Into the Wilderness


Then all the congregation raised a loud cry, and the people wept that night. And all the Israelites complained against Moses and Aaron; the whole congregation said to them, “Would that we had died in the land of Egypt! Or would that we had died in this wilderness! Why is the Lord bringing us into this land to fall by the sword? Our wives and children will be taken as plunder; would it not be better for us to go back to Egypt?” So they said to one another, “Let us choose a captain, and go back to Egypt.” (Numbers 14, 1-4)

We can only speculate on the whispering and hushed conversations that transpired around the campfires as the twelve tribes of Israel confronted the hardships of the wilderness after their escape from Egypt. The complaining, the grumbling, the whining, and of course the surreptitious planning of insurrections and rebellions as the people longed for the “good old days” in Egypt where the work was hard, but food and water were plentiful; and they weren’t facing an uncertain future in an unfamiliar landscape. I’m sure that Moses would have had an even tougher time confronting the rumors and conspiracies if the Internet and social media platforms had been available at the time.

As I try to grasp the latest updates on the virus and try to quell feelings of guilt as I marvel at smoky sunsets fed by wildfire flames a continent away, it strikes me that human nature hasn’t really changed much since Moses led the Israelites into the wilderness. When confronted with challenges and difficult circumstances, we still do far too much grumbling, complaining, and blaming others before we get around to using our God-given talents and resources to work together and solve the problems.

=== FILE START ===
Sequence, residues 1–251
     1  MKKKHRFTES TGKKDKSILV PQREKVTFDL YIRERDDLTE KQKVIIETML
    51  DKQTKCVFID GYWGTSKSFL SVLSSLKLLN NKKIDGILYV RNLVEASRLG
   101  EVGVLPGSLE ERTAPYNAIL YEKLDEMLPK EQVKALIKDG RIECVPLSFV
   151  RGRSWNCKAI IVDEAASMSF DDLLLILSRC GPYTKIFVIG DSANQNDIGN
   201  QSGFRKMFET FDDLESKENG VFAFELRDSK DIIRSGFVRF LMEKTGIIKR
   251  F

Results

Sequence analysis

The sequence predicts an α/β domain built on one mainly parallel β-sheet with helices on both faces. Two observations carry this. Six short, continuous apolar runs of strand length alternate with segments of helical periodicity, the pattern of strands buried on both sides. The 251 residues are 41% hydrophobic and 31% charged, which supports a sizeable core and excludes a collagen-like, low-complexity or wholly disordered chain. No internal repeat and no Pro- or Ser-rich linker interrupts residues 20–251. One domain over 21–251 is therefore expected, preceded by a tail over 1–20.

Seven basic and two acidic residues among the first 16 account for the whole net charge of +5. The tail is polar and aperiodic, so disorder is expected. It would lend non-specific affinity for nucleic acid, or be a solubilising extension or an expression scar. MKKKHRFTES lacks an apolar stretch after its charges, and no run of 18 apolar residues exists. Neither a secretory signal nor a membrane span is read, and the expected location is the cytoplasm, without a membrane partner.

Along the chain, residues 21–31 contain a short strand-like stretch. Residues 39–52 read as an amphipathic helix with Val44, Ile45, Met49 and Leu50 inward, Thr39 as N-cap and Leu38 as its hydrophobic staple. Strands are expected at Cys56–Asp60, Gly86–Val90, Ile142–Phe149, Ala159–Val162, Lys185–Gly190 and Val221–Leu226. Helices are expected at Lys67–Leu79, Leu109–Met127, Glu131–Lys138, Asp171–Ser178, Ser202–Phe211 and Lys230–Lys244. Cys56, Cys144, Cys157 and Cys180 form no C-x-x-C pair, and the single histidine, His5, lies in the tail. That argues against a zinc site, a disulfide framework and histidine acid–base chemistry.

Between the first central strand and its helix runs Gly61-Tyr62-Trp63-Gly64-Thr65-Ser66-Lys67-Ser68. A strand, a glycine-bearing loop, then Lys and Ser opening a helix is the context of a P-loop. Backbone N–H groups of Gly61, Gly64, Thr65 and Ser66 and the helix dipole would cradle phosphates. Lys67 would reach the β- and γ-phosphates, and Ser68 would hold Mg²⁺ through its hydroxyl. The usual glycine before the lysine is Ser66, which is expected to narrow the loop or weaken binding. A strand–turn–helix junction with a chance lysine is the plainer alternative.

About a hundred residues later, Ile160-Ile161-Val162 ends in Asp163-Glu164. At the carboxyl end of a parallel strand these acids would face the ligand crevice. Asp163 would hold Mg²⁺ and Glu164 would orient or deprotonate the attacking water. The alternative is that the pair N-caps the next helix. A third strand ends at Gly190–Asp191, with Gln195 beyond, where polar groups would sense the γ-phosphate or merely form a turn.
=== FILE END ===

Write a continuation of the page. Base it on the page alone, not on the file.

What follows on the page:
While some may take comfort in the fact that we’ve seen this story replay itself over and over again at all levels of human society and that somehow, we’ve been able to muddle through, I worry that things are different this time around. I worry that with billions of people overwhelming our beautiful blue planet, with instantaneous mass communications and global travel, it’s clear that the human race has the power to create and modify our environment to an extent unprecedented in human history. But with great power also comes great responsibility, something we can sometimes find very challenging.

So it seems to me that now more than ever before, we’re living in a wilderness of our own making, and especially as this virus continues to mutate, I’m finding it more and more difficult to understand some of the extremes of human nature I see around me.

There are those who tell me to relax, to not sweat the small stuff, that God’s got this and that all we need to do is ask for his help. But I’ve never been one to ask for help and then sit back and do nothing expecting someone else to do all the work, so I plan to get a third shot if and when they offer it, wear a mask when it’s recommended, and start researching which hybrid or electric vehicle I’m going to trade for when the time comes.

Just trying to pitch in and do my part, Lord….

Jerry Kahrs

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